Sons of Anarchy wasn’t a show I ever thought I’d watch. Believe me. I even remember walking through the TV room when my friends were watching it and blatantly disapproving. I’m more into the whole The Vampire Diaries and Pretty Little Liars sort of thing. However, last Christmas break my mother’s colleague insisted that she watch it, and I was in need of a new show to marathon-watch. Alas, I was found sitting next to my mom on the couch, watching episode after episode, season after season, until we watched the show in its entirety. What about this show of out-law motorcycle gangsters is so intriguing? Why, in a show like this, are we constantly rooting for the bad guys? “The bad guys” are often portrayed these days as, not necessarily the good guys, but the people that – even despite their malevolence – are human beings just like us. I believe that the narrative structure and character development that takes place throughout the show contributes to the way in which we as audience members can make sense of the program, as well as contributing to its overall success.
Despite the fact that the characters in this show are motorcycle gang members, they are quite relatable. The reason anyone continues to watch a television series is more often than not relatability. Jax, the main character and son of deceased John Teller, the man who founded the sons, it undoubtedly the most relatable character. His late father founded the sons on a set of ideologies that consisted of fighting for freedom and kindness for one another. The manifesto of John Teller has been long pushed to the wayside by the sons for more violent and criminal actions that or nothing but self-serving.
As an audience, we follow the story of Jax and are constantly rooting for him as he continuously tries to follow in his father’s footsteps. The fact that he has a crack baby with a washed up druggie, or kills members of various gangs somehow doesn’t have the strong effect on our minds that the fact that he’s sort of just like us does. Why is it that we forgive these seemingly unforgiving actions? Those of murder, bastard children, and drug trafficking? It’s because he’s still human. We are innately born with a sense of hope for the human race. We root for these so-called bad guys or underdogs because deep down we know that they are good people. The creator of the show, Kurt Sutter, states:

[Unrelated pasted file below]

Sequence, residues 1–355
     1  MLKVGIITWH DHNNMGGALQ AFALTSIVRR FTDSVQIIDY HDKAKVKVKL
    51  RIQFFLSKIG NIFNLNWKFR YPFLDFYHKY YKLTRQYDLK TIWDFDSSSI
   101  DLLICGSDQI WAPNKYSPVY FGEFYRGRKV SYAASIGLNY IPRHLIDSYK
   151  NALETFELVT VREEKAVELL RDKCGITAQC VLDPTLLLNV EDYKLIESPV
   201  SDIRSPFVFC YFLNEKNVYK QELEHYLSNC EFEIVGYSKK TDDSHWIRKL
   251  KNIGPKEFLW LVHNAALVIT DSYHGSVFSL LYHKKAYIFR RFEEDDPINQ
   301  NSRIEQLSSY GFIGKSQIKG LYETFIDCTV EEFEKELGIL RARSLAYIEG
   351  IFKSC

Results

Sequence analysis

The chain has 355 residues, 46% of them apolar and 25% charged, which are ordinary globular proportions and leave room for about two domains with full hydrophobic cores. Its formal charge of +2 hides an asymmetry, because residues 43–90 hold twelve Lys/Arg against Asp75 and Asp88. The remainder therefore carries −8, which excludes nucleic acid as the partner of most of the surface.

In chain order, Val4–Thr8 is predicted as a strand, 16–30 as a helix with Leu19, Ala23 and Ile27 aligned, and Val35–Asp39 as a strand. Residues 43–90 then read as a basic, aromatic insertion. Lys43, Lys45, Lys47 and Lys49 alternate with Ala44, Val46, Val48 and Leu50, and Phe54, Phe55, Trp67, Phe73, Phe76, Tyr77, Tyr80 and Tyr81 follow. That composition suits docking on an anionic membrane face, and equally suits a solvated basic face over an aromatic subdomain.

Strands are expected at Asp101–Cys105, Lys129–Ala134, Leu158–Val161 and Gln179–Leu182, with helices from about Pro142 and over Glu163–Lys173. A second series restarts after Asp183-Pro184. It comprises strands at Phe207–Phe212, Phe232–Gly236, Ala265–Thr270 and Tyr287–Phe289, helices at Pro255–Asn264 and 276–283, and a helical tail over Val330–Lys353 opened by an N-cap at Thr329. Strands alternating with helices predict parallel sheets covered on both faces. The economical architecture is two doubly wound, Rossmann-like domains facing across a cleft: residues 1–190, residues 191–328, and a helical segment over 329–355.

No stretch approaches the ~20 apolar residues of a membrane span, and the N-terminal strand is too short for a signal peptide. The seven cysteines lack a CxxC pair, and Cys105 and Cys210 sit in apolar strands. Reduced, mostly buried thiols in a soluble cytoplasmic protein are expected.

“You know, here’s how I describe all this: It’s a heavy world, it’s a dark world but as heavy and violent as it is, I like to think that ultimately there is some sense of hope. So that it’s sad and heavy, but there is always some sense of hope. Will it be a happy ending? No, but I do think that there will be something hopeful about the way it ends” (Sutter).
In terms of character development, this show is designed to make us love these characters. If we take a step back and look at the big picture vaguely, it’s easy to see that these men are some of the most dislikeable people of all time; but they’re not dislikeable characters. As is any other television series, Sons of Anarchy is set up aesthetically and narratively in a way that we only see one side of the story; the side of the sons. As an audience, we are so engrossed in the happenings of their lives that it doesn’t make a difference to us what the story of the other gangs happens to be. In fact, we’d rather not know. That sort of conflict would inevitably confuse audience members to the point where they a) couldn’t follow one set story line or b) give the audience members mixed signals, thus leaving them confused on how to feel about which characters.
In this case, since our good guys are depicted as bad guys to the general public, it’s harder to create that line of conflict between hero and villain. However, in a violent, mob-like show like Sons of Anarchy, making someone appear worse than the sons put an interesting plot twist on things. For instance, Gemma, Jax’s mother and wife of the new President of the motorcycle club, gets brutally raped by members of a rival party of the sons. During the rape she is told to tell Clay that it would happen again if he didn’t do what they asked. Now, when one of the two lead females is raped and used as leverage, you almost want this guy dead. Better yet, you want the sons to be the ones to kill him. Sutter makes the actual bad guys even worse than you could imagine so as to have you as an audience member rooting for the sons to do whatever it takes to get justice for Gemma. Alas, the line between hero and villain is drawn.
All of these things together help us make sense of the program and gives us a look into the lives of these characters that aren’t quite like us, but we’re still able to relate to them because of the human condition. We all do things we aren’t proud of, and at the same time we’re all trying to be better versions of ourselves the best that we can. We want to see justice served for people like Gemma; we also want to see confused and perplexed characters like Jax make changes for the good of others. Whether you’re in a motorcycle club trafficking guns and drugs, or you’re just a plain Jane viewing these types of people from the comfort of your own couch, aren’t we all kind of the same?